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Study: Egyptians lowest on life satisfaction and hope for the future

Pew survey: Egyptians tend to be among the least satisfied with every aspect of life asked about.
Egyptians are one of the most dissatisfied populations with the current life situation and one of the least hopeful for the future.

A recent survey by Pew Research Center analyzed life satisfaction in advanced, emerging and developing economies in 2014 comparing it to the levels of 2007.

Life satisfaction in the Middle East declined sharply between 2007 and 2014 especially in Egypt and Jordan. The report explains this by the political and social turmoil in the region.

To measure the well being of the people, the survey used the "Cantril Ladder Question" that asks respondents rank on a scale from 0 to 10 where they stand on the ladder of life; 31% of Egyptians placed themselves on the bottom of the ladder.

When asked to compare past and present, people in the Middle East said they see less progress. 4 in every 10 in Egypt, Tunisia and the Palestinian territories said their life is worse today than 5 years ago. Egypt recorded the lowest level of people who said they saw progress (only 32%) and the percentage of Egyptians who placed themselves high on the ladder dropped 14 percent from 2007.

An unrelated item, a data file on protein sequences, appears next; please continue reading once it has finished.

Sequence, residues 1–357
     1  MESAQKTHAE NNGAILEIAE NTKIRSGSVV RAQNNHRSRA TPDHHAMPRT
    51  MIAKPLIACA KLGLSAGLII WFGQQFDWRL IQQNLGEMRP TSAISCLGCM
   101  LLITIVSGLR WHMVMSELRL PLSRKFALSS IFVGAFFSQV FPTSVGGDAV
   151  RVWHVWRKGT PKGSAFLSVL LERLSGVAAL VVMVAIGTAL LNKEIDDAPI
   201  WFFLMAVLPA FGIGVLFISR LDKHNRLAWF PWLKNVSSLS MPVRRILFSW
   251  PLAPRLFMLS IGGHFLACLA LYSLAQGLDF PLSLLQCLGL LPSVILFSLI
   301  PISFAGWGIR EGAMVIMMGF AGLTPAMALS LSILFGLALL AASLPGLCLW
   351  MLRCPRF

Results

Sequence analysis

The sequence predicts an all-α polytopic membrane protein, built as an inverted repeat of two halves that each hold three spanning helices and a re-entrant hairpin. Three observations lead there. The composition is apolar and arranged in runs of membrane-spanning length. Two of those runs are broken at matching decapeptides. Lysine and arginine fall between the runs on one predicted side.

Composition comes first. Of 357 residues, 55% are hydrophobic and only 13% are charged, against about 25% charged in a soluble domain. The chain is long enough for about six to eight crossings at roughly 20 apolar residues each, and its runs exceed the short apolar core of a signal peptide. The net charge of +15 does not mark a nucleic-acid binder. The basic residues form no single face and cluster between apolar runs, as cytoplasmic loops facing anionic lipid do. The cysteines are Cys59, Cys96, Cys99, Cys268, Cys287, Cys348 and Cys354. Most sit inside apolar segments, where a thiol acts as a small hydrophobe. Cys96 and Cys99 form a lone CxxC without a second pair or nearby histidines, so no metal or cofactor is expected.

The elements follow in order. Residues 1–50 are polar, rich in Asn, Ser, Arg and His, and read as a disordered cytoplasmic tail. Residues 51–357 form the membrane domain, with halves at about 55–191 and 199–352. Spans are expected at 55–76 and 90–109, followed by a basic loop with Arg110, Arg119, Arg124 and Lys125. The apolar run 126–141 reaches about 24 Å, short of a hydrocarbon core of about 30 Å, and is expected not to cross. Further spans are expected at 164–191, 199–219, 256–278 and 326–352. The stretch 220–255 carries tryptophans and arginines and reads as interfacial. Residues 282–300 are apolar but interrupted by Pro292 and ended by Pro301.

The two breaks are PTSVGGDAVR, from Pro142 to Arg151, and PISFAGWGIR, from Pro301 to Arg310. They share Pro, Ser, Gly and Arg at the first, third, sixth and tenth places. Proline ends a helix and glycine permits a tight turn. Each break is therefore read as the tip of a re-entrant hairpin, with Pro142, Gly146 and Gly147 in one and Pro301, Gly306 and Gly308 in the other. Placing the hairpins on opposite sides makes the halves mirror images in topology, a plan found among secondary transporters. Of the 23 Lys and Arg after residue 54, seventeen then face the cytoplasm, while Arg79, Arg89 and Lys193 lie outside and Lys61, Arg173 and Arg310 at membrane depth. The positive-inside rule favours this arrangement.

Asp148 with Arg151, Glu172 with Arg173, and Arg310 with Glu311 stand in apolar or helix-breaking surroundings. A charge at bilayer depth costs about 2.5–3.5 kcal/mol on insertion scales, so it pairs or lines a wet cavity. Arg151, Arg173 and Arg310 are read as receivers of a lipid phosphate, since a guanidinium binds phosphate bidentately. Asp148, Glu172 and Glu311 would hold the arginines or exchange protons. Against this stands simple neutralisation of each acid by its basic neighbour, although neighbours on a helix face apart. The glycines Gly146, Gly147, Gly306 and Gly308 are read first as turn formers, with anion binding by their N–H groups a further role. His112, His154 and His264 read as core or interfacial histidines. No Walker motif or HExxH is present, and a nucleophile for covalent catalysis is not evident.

Middle Easterners were also the least hopeful about the future. Egyptians were among the most likely to say their life will worsen in the next 5 years.
Generally, the economic status is widely considered a main reason of happiness as richer populations usually report being happier. Middle Easterners were mostly dissatisfied with different material aspects of their lives including jobs and income. Again, Egyptians came on top of them.

"Across all 33 emerging and developing countries, Egyptians tend to be among the least satisfied with every aspect of life asked about" the report stated.

People in the Middle East are mostly satisfied more with social aspects like personal life and health; Egyptians were split between religious life and health (49% each).

Respondents pointed to their health, children's education and being safe from crime as key essentials in life, with financial security following closely. In Egypt safety from crime was prioritized over health.

The survey was conducted in 43 countries and covered 47,643 respondents. The general outcome was that the gap in life satisfaction between advanced and emerging economies is closing, largely because of Asian nations. China, Indonesia and Malaysia recorded more life satisfaction and they were the most optimistic about the future.

Image via Shutterstock/Dona_Bozzi